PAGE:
Board Games

Kingdomino: The Domino Game You Need to Play

Dominoes is a ubiquitous game with simple, easy rules to grasp but also the flexibility to allow for a lot of different kinds of games akin to a deck of playing cards. As a kid I also loved the feel of a good domino and would sometimes open the box and play with them by arranging them in various shapes or organizing them in different patterns. It was pure play with no rules governing my time with the dominoes but there was something compelling about putting them together.

Kingdomino is a tile laying game that reminds me of those times of play, albeit this time with rules governing the activity. You’re tasked with building a five by five kingdom with domino shapes with different types of lands on each end of the domino. It turns my childhood puttering into a little puzzle that continues to be satisfying after numerous plays. There are two simple twists that make the game more complex than it should be given the simplicity of the rules.

Each player selects a domino from a descending row of dominoes. The back of each domino is a number and four dominoes are arranged lowest to highest, flipped over and then players will one by one select one of the unchosen dominoes. The kicker is that after the first round turn order is determined by the pick of the last round’s domino, the lower the number picked, the earlier you go in the round. 

This makes decisions deliciously tricky. What might be the optimal domino for your kingdom this round might put you last in the turn order next round. Other times there will be two equally good options and you’ll end up picking the one that lets you go earlier in the next round only to realize three turns later that choice blocked you out of legally placing an even better tile. And to top it all off, since you can see everyone else’s kingdom, you can also swoop underneath players and take a tile that would give them a big advantage, making this light little tile game also a vicious take that game in certain situations where you don’t have a great option for a round but can rob someone else from a big point turn.

I haven’t talked about points up to this point because it’s deceptively simple but is the underbelly of the game that makes all the moment to moment choices so compelling. You score a region of similar tiles by taking the number of connected squares and multiply it by the number or crowns in that territory. It’s simple multiplication but the distribution of the region tiles and crowns for each region is unique meaning that you might go for the low crowns high territory play and try to make one massive score region or you could go for the very small territory with lots of crowns that can give you just as many point in a few well placed squares.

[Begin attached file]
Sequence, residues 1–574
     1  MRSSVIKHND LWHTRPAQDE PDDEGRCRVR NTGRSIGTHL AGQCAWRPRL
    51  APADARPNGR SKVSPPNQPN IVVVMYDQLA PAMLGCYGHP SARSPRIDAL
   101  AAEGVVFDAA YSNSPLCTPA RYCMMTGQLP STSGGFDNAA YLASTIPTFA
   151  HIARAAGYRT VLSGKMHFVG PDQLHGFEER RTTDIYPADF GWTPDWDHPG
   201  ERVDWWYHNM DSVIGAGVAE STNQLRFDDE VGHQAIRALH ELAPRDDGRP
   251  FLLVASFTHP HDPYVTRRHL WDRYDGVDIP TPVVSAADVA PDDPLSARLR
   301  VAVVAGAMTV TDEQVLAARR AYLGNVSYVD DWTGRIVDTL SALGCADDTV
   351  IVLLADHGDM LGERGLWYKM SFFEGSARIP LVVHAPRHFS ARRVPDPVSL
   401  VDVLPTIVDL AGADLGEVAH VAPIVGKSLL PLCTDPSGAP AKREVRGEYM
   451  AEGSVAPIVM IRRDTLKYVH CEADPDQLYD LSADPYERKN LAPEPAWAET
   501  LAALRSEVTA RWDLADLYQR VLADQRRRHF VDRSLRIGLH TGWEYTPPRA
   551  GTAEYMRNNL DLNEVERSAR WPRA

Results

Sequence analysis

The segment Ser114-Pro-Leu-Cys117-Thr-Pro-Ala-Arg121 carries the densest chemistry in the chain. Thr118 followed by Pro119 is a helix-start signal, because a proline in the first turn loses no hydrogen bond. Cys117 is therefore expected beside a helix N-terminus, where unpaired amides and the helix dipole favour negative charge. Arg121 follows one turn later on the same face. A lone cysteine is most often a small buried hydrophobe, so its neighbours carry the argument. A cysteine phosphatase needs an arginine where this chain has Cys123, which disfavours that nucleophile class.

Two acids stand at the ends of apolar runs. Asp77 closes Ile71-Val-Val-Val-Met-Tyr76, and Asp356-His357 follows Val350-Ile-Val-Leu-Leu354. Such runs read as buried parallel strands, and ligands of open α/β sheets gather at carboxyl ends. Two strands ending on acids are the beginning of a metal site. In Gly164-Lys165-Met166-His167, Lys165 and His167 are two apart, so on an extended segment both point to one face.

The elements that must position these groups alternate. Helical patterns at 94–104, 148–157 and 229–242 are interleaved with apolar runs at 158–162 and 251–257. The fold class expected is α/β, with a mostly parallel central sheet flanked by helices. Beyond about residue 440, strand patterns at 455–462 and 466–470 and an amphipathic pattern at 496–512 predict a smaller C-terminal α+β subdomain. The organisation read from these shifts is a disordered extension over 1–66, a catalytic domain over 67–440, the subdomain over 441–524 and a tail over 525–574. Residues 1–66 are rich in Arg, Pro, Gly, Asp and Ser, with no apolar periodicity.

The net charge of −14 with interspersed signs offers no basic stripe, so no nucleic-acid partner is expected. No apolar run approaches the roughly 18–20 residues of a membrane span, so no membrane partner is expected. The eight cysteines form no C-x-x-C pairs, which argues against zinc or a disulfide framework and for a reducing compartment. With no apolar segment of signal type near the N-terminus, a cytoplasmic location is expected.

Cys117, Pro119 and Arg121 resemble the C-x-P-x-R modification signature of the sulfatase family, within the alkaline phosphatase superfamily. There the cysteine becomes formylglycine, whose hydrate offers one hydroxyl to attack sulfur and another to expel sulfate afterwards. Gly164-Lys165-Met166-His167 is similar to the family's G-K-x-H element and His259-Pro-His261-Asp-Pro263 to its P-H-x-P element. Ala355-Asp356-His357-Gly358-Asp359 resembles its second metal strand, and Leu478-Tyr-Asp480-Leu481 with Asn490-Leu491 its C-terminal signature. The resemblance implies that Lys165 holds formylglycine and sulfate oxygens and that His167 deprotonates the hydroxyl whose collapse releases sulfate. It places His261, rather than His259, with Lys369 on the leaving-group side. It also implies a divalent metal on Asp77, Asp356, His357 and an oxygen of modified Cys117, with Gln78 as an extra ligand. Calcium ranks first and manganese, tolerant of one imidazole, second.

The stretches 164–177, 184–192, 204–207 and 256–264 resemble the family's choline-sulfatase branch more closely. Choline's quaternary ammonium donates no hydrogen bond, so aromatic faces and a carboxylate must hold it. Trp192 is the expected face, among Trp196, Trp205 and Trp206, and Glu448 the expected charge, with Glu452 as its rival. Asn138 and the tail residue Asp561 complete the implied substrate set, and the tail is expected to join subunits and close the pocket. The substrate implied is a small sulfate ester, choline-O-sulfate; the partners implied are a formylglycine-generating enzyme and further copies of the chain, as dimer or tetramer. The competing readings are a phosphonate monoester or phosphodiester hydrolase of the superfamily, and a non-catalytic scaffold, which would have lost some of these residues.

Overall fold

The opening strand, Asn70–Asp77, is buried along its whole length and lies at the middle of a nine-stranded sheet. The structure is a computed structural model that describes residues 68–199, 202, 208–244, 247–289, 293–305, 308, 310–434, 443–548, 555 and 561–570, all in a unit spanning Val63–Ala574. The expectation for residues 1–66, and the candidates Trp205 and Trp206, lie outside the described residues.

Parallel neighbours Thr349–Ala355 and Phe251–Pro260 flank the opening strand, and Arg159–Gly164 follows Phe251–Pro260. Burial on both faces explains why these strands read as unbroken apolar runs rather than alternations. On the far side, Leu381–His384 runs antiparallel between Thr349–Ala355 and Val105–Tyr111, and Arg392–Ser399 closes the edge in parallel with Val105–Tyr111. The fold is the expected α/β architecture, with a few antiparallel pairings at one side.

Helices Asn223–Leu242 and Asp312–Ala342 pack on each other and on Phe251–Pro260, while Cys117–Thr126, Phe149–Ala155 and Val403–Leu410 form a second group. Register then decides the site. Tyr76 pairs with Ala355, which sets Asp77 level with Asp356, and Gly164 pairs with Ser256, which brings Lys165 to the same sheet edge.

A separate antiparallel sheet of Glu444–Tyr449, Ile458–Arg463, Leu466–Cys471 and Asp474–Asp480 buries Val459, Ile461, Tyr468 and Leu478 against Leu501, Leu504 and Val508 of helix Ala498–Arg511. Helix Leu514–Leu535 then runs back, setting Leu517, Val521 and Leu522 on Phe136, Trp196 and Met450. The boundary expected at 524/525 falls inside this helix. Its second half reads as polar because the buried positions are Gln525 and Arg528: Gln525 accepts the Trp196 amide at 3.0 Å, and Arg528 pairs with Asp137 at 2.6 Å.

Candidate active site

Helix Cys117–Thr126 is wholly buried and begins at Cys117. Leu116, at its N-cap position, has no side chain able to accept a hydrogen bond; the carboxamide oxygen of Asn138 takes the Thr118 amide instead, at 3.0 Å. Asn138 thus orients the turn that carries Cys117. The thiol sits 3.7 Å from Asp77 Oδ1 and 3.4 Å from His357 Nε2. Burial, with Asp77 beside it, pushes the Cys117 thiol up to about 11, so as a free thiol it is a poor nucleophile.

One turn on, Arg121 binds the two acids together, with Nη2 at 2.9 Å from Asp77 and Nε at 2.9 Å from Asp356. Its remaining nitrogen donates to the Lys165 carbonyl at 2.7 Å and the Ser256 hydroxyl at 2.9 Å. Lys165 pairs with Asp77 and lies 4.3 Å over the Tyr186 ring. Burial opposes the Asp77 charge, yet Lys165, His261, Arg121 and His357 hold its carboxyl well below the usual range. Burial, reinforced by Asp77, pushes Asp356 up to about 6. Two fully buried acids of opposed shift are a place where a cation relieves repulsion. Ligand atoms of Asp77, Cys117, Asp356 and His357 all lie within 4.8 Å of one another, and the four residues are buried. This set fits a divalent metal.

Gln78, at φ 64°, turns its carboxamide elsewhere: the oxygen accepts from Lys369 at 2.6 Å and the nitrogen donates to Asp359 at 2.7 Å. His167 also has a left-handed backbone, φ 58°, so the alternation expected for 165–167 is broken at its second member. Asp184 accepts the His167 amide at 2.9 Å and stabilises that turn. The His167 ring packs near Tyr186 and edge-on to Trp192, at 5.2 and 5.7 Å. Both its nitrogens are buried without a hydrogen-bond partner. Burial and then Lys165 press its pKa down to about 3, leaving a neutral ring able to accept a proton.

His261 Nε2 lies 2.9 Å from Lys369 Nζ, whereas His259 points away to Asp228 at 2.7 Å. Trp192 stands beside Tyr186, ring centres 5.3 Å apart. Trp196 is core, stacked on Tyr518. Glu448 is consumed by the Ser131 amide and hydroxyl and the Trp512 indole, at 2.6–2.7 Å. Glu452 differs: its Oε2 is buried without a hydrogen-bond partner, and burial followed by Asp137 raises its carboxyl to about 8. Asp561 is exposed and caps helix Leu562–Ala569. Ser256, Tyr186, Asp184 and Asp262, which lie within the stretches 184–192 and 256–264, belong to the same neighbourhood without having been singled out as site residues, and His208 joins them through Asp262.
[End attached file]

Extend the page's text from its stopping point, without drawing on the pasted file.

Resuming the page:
And going middle of the road can often result in getting a few decent scoring regions. There’s a balancing act here and you often pivot strategies depending on what other people are going for and whether or not you are getting first pick on a key round. Hold out for that one tile you need only to have it snatched up beneath you can ruin a kingdom. The safe bet is to go for the more plentiful territories but it’ll be harder to get the crowns for those as almost every player will have some of the most common territories in their kingdom.

A couple of optional rules adds depth for the more experienced players. Making a perfect 5×5 kingdom gives you bonus points as does having your starting castle square in the middle of your kingdom. It’s a great way to reward the players who go for planning, ballance, and aesthetics over optimal point play although I don’t recommend it for any game with a new player as it gives more experienced players a strong advantage to blow ahead with the bonus points score as it’s easier to achieve this when you know the distribution of tiles.

I find this game delightfully satisfying to play, one that reminds me of why I enjoyed goofing around with dominoes as a kid. There’s something satisfying with the colors and patterns that makes this game instantly click. It’s a quick, light game that you’ll likely want to play several times in a row and for good reason. It’s a satisfying puzzle that gives you a sense of accomplishment even if you don’t win.

I would put this firmly in the family and casual weight category of games. It’s an easy game to teach, especially since most people are familiar with the basics of matching dominoes. If your idea of a good game is something that takes up a whole afternoon, first, I’m impressed you’re still reading this review after so many signposts being put out there that this game is not for you. Second, this is not going to give you enough decisions and strategy to keep you engaged. That’s fine. However, if you like something you could have a light conversation over or maybe slip in after dinner, play on a double date or family night, this is your game. It’s small, it’s simple, you should probably try it. If you don’t enjoy it I can guarantee you know someone who will.

© James Blake Ewing 2021